In a collaborative effort to protect the Kootenai River in the event of a potential hazmat spill, Burlington Northern Santa Fe, BNSF contractors Whitewater Rescue Institute and Kennedy-Jenks partnered with the Kootenai Tribe of Idaho to provide critical training to Boundary County first responders on Saturday.
First responders from the Boundary County Sheriff’s Office, Boundary County Emergency Management, Boundary Search & Dive Rescue Team, Kootenai Tribe of Idaho Police Department, North Bench Fire District, South Boundary Fire Protection District, Boundary Ambulance, and Idaho Department of Environmental Quality gathered at the Twin Rivers resort for the all-day training session.
The Kootenai Tribe of Idaho’s Twin Rivers Sturgeon and Burbot Hatchery is situated on 10 acres at the confluence of the Kootenai and the Moyie rivers. The 35,000-square foot hatchery which opened in October 2014 is the only facility in the world that successfully propagates and rears both burbot and white sturgeon.
The Kootenai is critical to the survival of both endangered species and the hatchery is dependent on the fresh water flowing to the facility through the intake system which is situated in the river.
Because BNSF has an active railroad track along the banks of the river, Burlington Northern Santa Fe Public Affairs Director Courtney Wallace said BNSF recognizes the importance of protecting the area, therefore the parties involved agreed that it would be an ideal location to train first responders on the use of booms, ice booming, and ice rescue techniques in the event of a hazmat release into the Kootenai River.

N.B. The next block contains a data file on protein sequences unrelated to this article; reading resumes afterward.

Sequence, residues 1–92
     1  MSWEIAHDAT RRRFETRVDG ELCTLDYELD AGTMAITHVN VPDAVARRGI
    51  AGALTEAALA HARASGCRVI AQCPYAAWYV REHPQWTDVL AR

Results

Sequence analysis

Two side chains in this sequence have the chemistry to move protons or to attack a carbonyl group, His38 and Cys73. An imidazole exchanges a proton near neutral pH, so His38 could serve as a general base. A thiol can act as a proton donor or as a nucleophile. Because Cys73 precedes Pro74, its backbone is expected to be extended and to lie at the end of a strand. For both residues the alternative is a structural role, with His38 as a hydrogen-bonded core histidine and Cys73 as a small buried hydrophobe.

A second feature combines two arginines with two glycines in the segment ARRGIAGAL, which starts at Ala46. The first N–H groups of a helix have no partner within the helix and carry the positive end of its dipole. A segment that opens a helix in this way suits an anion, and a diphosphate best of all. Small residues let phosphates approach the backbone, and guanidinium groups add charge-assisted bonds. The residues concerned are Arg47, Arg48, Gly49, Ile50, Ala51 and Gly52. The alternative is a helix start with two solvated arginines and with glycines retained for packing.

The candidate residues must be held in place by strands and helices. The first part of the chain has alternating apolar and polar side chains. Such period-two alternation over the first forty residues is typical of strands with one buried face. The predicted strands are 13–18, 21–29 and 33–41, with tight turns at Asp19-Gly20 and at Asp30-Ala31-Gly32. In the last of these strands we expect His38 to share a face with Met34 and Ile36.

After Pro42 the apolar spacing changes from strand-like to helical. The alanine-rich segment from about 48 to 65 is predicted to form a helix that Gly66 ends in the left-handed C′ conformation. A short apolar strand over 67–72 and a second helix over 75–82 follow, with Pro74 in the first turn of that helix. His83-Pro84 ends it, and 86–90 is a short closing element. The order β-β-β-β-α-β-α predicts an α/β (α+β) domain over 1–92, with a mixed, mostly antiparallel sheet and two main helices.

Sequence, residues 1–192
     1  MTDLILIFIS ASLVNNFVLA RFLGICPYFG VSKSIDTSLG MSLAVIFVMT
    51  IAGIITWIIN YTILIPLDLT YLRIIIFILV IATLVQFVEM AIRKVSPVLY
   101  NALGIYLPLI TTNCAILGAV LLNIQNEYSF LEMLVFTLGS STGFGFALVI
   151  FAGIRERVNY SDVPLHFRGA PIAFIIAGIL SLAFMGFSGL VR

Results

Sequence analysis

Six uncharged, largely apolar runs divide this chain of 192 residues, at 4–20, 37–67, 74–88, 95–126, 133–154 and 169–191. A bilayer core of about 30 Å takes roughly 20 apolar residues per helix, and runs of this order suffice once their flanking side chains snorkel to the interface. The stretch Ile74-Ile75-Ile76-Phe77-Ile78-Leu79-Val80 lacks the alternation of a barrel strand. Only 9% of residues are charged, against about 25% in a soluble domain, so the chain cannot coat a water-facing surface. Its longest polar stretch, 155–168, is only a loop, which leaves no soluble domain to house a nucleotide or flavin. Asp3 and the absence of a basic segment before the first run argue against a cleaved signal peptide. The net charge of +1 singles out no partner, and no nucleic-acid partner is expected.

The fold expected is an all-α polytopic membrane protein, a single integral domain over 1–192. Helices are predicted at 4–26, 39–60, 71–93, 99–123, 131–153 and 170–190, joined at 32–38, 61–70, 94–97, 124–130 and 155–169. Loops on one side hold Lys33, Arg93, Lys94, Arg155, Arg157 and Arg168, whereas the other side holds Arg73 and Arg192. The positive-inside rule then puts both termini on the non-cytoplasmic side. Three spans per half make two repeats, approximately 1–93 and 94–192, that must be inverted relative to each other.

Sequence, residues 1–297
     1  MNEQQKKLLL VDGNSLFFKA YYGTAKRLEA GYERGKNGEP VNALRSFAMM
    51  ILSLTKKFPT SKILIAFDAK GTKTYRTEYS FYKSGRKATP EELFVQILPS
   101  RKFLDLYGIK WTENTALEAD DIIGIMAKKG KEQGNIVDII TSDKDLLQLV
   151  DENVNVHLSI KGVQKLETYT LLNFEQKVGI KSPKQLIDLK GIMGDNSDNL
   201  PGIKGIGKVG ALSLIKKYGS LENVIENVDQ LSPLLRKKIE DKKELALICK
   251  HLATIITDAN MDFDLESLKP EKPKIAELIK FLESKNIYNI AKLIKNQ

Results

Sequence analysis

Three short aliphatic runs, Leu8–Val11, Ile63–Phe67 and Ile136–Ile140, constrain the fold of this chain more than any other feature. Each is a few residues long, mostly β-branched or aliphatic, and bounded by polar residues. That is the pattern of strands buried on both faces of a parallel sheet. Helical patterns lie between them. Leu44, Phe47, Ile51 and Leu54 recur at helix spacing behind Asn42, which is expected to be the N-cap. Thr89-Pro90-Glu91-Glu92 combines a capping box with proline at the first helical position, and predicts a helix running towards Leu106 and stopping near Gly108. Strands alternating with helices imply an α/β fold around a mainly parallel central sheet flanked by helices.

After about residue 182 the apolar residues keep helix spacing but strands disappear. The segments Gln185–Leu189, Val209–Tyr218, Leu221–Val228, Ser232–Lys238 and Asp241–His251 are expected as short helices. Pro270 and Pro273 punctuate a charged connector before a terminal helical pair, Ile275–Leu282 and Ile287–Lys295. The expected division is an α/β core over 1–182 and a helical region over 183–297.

“We recognize that the Kootenai River is a critical area that needs to be protected,” Wallace said. “We are sensitive to crucial waterways and the environmental impact of any spills.”
Wallace said Burlington Northern takes the transfer of oil and all hazardous materials very seriously when transporting it from point A to point B. BNSF is focused on prevention, prepared for quick response and dedicated to remediation.
First responders learned how to assemble and deploy the BNSF booms using whitewater boats and the BoomVane boom deployment apparatus, which is designed for deploying boom during a hazmat spill response situation, how to saw channels through ice to facilitate diversion or collection of floating hazmat contaminants from frozen waterways, how to self-rescue in the event that they fall through ice, as well as how to rescue others that have fallen through.
“We do training on all types of water, in rain, during summer, during ice storms and severe winter weather, because a spill can occur in any type of weather condition,” Wallace said. “The training is invaluable to first responders.”
Wallace said BNSF owns and maintains the equipment, but makes BNSF emergency response equipment available to Boundary County first responders for any hazmat incident, even if the railroad isn’t actually involved in the hazmat release, such as a fisherman’s boat catches fire on the river, or a semi truck wrecks on the highway.
Saturday’s ice conditions on the Kootenai River were about six inches thick, providing a safe training environment for participants who were properly geared with saw safety gear, harnesses, dry suits, flotation and swiftwater helmets.